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Simple Mobile Protection

Is it too good to be true?

For some people, protecting online accounts is looked upon as more of a hassle than anything else. Whether it’s the “it won’t happen to me; I have nothing worth hacking” or the “it’s more trouble than it’s worth” line of thought, people sometimes use secure authentication only as a last resort. When they do decide to use it, they often choose what seems to be the simplest and most readily available of methods: SMS, or text messages, an emailed security code, or an authentication app. What happens next? They quickly learn what a pain it can be to sign in to their newly protected accounts from their mobile devices.

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The flipping from screen to screen can make it difficult to log into an app or website on a mobile device. Often the code is long and hard to remember, causing multiple mistypes. If time is taken to ensure accurate recall and typing, the code can expire before you’re finished, adding to the frustration. It doesn’t have to be this way, though. New technology and devices can offer excellent protection—often better than SMS or email codes—for much less hassle.

What is 2FA?

Two-factor authentication (2FA) offers an additional layer of protection when signing in by having you type in a code or some other information to confirm your identity. The second layer helps keep a hacker from accessing your account since the hacker will need not just your username and password (the first layer) but also the second factor (an additional PIN, a security token, etc.) It may be common knowledge nowadays that static passwords don’t offer much protection for accounts. They seem to fall into two categories: easy to remember/easy to hack or hard to remember/hard to hack. Since the second category is hard to manage, few people use it—or if they do, they’ll usually write it down somewhere or use a password manager to store it, leaving themselves vulnerable. 2FA offers a simple solution to secure an account without relying on complicated passwords.

There is a multitude of ways to introduce 2FA security to your accounts. Some of the most common 2FA products are one-time password (OTP) hardware tokens, public key infrastructure (PKI) devices, and smart cards. There are other new options such as FIDO U2F and UAF devices as well. One-time password tokens in particular operate a lot like an SMS or email code, but with stronger security and smoother functions.

What Is 2-Step Verification?

Then there are the options mentioned above: SMS, verification codes sent via email, and authentication apps known as 2-step verification or 2-step authentication. Although they do provide some added security, they’re not as strong and aren’t considered true 2FA protection like hardware devices are. A good example of this is when you sign into an account and receive a code texted to your phone. The vulnerabilities here are two-fold: first, the “something you have” and “something you know” might be the same thing, especially if you use the same phone you receive the code on to sign in to your account. Second, since the OTP value is generated on a connected device, it’s much easier to hack it or to have downloaded malware hidden in an app without noticing. With an unconnected OTP hardware token, you don’t have these risks.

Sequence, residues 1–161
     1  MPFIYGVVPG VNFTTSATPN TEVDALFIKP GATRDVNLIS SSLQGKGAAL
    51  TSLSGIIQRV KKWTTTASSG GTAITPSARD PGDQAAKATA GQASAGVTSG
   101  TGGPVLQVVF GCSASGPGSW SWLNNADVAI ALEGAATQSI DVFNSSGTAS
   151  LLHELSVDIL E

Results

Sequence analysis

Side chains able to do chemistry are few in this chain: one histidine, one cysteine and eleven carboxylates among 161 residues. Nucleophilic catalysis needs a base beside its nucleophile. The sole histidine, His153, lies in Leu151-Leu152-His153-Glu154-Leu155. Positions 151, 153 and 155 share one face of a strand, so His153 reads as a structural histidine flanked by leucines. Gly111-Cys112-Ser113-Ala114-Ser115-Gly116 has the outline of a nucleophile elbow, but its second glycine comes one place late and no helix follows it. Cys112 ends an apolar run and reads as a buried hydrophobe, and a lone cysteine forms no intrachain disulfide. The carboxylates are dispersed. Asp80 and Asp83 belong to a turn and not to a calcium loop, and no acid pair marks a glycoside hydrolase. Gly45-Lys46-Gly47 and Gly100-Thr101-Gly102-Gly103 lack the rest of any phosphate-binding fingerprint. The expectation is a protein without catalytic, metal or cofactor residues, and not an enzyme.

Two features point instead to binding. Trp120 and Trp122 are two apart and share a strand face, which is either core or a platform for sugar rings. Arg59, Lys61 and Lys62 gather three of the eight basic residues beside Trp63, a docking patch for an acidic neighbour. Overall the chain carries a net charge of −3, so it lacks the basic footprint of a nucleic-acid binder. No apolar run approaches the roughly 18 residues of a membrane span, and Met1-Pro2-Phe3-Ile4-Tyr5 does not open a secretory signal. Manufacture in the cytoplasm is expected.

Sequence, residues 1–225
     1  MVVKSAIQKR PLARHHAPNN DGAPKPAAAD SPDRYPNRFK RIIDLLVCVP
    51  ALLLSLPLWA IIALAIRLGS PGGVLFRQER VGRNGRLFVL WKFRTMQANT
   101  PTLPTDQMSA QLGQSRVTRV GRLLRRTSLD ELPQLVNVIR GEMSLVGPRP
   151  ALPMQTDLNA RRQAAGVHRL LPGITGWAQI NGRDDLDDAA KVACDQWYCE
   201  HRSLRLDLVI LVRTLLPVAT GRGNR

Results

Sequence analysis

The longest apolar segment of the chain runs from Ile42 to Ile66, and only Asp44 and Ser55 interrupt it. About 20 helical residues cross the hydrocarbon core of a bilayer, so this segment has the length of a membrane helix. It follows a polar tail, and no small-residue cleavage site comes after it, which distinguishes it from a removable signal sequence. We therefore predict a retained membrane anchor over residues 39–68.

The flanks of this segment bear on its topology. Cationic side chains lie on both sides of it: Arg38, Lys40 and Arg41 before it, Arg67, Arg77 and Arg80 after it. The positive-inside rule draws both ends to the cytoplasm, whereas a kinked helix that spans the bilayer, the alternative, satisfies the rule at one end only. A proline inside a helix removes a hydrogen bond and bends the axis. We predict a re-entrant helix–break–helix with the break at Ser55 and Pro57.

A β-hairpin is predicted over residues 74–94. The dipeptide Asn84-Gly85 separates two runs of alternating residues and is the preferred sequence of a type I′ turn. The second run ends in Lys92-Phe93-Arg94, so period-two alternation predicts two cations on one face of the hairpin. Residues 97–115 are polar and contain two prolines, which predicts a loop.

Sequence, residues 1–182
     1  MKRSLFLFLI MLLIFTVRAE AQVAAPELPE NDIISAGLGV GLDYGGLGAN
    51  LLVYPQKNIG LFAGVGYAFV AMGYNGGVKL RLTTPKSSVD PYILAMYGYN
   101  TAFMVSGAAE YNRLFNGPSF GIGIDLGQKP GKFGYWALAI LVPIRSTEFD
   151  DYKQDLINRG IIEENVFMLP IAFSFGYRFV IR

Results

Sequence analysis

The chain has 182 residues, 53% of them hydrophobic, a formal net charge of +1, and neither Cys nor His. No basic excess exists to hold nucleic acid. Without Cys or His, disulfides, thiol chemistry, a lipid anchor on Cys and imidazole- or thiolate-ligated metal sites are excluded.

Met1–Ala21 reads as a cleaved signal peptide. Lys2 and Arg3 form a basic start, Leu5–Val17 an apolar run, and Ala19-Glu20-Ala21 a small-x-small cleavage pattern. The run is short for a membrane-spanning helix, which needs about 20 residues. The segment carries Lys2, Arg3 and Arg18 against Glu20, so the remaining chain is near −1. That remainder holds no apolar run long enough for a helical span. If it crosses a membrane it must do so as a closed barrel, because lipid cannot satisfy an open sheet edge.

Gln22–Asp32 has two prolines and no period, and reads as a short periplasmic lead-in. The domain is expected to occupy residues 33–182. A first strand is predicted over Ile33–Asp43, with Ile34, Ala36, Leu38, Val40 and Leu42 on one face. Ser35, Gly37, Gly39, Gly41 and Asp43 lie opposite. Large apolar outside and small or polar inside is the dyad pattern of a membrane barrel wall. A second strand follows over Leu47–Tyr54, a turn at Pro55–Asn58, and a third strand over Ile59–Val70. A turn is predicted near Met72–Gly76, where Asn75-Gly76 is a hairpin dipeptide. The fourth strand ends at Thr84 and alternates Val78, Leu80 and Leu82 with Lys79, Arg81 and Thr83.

Why Use an OTP Token?

Although getting a text, email, or app-generated authentication code seems like a convenient option for added security, once you try to sign in while on a mobile device, you’ll quickly realize that those options may not be the best choice with their annoying issues and lower level of security.

Benefits of OTP Tokens

In addition to having to multitask on the same mobile screen, having your code on the same device you are using to access the account keeps it from being a second layer of security. Mobile devices can be easily hacked (sometimes they’re not even protected) and if the hacker steals the phone, it may just be a matter of time before he has everything he needs to gain access to all your accounts.

OTP tokens solve all of these issues:

  • True 2FA for mobile devices
  • Not hackable via Wi-Fi or online
  • Stronger encryption
  • No need to shift from screen to screen on mobile device

Introducing Edge

OTP devices such as the HyperOTP™ Edge card utilize NFC capabilities on mobile devices so that you can tap and read the OTP value, thus eliminating mistypes. The Edge is also user-programmable, meaning that the key code or secret key is never known by the manufacturer or any third party. The end user has complete control over their own security. The Edge is also lightweight, making it perfect for cost-effective distribution via letter mail. You can learn more about the Edge and its benefits here.

To sum up—you can have high-level security on a mobile device without all the hassles. The solution is to just use a hardware token. Not only does it offer extra protection, it’s also easy to use.